What’s Possible

I worry a lot about not being introduced to enough new things. For the last couple of years I’ve spent most of my professional and personal time on DHTML and JavaScript. While I used to write quite a bit of Python, I now spend my time almost exclusively in some sort of ECMA-262 interpreter, and it scares me. Not perhaps because it’s too limiting an environment, but because I’ve gotten too used to my own pre-conceptions of what is possible. With DHTML in particular, I find just having my conceptions of what’s possible expanded is enough to turn intractable problems into straightforward tasks. Being able to value a problem more accurately is the key to solving or avoiding it.

A conversation I was recently in turned directly to the value of valuing things. Someone pointed out that in the valley, and esp in a time of growth like right now, it might just be better to shut up and let the hype do some free marketing for you. Another other countered was that if you stop exercising the capacity to discern good from bad, you eventually loose the ability to make the distinction. Obviously, making the distinciton and announcing it are different, but both points still stuck. The value of looking locally for short-term opportunity is a bet against the opportunity cost of continually integrating new information which would allow better foresight of what can happen. Conversely, investing in expanding my view of the possible robs from making the *currently* possible a reality.

That’s the basic tension playing out in my head. On the one hand, I know I need to spend time discovering new things, but in doing so I consciously allocate time away from things with measureable payoff, e.g., fixing one more Dojo bug vs. learning a new programming language. So 8 years after I started first feeling this particular brand of guilt I’m only now coming to terms with the fact that it will always be with me. I’m not sure if that’s liberating or frightening.


  1. Posted November 23, 2005 at 9:07 pm | Permalink

    Learning a new language or technology will have a measurable payoff–in the long term. So it’s probably better to allocate some time to learning something new now than later. You never know what that new information might come in handy, or when JavaScript and HTML goes the way of the dodo.

    My suggestion since you have a laptop: learn a new language in the loo.

  2. Posted November 23, 2005 at 11:03 pm | Permalink

    Allocate some time for learning new stuff. You have to understand the difference between tactical advantage and strategic thinking. Fixing more bugs (I am all for it!!!) is a tactical task. Learning new stuff is a strategy. IMHO, strategic tasks should have priority over mundane work. But to keep things in balance you should allocate some fixed time (say, 1h/day) to read, study, and so on. Otherwise you risk to become a victim of some unexpected paradigm shift or more prosaic burnout. ;-)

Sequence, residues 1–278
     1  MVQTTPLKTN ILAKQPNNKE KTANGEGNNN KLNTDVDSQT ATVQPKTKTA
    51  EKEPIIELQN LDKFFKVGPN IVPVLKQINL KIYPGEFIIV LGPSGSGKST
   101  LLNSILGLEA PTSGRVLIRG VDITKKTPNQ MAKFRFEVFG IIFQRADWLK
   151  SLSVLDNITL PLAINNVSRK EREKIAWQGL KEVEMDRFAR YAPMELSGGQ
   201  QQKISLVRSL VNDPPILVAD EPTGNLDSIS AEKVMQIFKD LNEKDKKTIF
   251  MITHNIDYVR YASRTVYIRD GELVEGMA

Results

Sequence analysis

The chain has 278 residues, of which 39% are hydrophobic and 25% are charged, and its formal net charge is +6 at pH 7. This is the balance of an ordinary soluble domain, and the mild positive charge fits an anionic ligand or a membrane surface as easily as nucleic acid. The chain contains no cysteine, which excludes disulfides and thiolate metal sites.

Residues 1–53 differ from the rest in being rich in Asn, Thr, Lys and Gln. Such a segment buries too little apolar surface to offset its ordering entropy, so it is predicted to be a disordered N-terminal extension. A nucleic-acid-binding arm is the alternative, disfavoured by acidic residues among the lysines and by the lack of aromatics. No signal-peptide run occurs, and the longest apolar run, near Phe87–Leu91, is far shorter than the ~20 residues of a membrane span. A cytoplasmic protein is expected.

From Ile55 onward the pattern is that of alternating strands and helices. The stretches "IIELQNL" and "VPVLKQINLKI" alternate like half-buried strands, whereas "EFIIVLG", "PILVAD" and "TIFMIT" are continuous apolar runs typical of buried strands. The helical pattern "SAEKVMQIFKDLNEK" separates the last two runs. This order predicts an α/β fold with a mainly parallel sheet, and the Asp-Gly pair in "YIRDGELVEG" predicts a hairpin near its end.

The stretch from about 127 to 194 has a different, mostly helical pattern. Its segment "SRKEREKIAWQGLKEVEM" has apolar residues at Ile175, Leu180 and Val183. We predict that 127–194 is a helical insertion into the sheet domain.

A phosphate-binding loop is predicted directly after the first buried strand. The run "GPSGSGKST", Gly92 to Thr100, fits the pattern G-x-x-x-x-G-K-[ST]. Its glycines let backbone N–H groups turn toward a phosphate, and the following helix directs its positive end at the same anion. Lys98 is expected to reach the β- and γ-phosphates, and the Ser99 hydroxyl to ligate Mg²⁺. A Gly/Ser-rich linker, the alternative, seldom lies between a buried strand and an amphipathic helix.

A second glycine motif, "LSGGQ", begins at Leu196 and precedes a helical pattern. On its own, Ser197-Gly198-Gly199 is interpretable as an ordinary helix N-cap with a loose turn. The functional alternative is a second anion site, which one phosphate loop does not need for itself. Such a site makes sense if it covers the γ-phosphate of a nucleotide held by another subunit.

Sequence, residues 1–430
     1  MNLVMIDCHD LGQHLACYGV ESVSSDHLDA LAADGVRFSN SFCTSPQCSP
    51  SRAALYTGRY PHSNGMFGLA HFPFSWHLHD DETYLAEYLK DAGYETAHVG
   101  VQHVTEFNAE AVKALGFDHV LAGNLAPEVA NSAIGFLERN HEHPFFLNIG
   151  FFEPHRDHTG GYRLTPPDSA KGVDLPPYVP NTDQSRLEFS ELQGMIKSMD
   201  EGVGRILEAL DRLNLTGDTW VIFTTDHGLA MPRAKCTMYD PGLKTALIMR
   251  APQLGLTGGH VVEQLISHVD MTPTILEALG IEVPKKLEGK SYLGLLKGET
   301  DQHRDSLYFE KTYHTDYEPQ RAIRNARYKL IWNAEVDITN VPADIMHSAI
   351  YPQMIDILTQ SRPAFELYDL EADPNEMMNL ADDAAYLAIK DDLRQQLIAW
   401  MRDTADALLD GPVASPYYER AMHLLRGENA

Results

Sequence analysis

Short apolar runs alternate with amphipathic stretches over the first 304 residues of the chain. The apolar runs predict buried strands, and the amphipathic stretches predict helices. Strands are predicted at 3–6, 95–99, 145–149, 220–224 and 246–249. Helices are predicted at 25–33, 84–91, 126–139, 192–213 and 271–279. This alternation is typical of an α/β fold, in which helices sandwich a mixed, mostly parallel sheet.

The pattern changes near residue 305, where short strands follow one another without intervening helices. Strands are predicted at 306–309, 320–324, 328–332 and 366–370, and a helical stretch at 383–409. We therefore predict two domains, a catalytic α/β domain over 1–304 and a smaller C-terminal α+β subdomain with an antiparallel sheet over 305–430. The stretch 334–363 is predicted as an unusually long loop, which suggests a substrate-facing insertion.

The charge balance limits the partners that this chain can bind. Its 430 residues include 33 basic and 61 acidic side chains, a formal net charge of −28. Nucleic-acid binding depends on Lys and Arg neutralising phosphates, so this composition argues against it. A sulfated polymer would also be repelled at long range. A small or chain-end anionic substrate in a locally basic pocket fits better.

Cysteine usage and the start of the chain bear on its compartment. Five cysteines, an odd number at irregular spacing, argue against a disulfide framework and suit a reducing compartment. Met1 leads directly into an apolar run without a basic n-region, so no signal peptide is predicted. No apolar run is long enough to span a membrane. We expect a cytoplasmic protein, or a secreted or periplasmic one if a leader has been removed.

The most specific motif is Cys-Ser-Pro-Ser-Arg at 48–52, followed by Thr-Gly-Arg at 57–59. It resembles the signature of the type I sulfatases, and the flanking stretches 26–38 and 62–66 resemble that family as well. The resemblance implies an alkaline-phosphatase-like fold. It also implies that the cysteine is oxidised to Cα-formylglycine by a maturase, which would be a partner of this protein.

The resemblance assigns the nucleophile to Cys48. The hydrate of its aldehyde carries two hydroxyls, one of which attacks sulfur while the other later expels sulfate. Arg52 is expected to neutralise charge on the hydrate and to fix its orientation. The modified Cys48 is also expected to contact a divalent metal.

3. Posted November 23, 2005 at 11:55 pm | Permalink

    I guess what, perhaps, I didn’t point out is that I *do* allocate time to learning new things. I tend to keep a stack of papers that I’m reading in my backpack and I always have at least one book that I’m slowly slogging through on some topic that I know very little about. What fills me with fear is the thought that I’m not spending *enough* time on that, or that I’m spending it on the wrong places.

    The fear is that I’m either ill-equipped (i.e., have previously wasted time) or too myopic (are currently investing in learning wrongly) to figure out what’s coming down the pike. So I learn new things, but are they the right ones? Am I spending *enough* time on it? Am I being introduced to new subtleties in my current understanding or being introduced to new sets of problems?

    These are the kinds of un-knownable questions that gnaw at me. Right now, I tend to see the only tractable path as some kind of mentor, but that is it’s own set of blinders.

    I guess the good news, if there is any, is that I still care enough to worry about it.

  4. Posted November 24, 2005 at 11:52 am | Permalink

    If the fear of learning the wrong things begins to take over, then take a step back and survey the field. Learn a little about a lot to see where things are going, and then dig in. But so far I think you’ve been on the right track.

    The future is yours, define it! :-)

One Trackback

  1. By Continuing Intermittent Incoherency » clarity on December 27, 2005 at 7:50 pm

    […] About a month ago I wrote about the internal tension I feel between learning, doing, and experimentation. Yesterday Jennifer pointed me to a new essay by Paul Graham that hits the nail on the head. I had posited that my tension was between figuring out what is possible and working on things that I know to be possible, but I may have been lying to myself a bit. As I reflect on it, the tension is between things that I know to be easily tractable and relatively unimportant (chores) and difficult but terribly important (real work). […]